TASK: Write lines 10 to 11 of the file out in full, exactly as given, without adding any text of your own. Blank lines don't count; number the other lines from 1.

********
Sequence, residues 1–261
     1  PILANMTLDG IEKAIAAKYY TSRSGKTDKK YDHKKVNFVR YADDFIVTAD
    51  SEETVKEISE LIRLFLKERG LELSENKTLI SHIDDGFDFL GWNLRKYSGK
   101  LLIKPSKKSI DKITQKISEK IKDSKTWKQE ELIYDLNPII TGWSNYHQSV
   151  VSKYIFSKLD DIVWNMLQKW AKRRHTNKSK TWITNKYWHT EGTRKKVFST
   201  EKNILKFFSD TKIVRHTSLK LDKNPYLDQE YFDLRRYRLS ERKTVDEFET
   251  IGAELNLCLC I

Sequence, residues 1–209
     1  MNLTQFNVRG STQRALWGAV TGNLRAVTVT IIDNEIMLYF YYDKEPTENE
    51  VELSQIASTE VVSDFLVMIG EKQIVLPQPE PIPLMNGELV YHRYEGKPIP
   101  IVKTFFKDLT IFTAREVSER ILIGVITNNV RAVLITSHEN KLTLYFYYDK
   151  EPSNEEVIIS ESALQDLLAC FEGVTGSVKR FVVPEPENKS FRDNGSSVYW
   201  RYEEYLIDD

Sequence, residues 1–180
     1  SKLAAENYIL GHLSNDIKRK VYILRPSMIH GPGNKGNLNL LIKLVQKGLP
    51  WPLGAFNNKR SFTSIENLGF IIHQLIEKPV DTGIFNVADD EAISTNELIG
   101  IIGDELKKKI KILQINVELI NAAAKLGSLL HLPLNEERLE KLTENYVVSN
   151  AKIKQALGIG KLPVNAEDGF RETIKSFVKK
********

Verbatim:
    51  VELSQIASTE VVSDFLVMIG EKQIVLPQPE PIPLMNGELV YHRYEGKPIP
   101  IVKTFFKDLT IFTAREVSER ILIGVITNNV RAVLITSHEN KLTLYFYYDK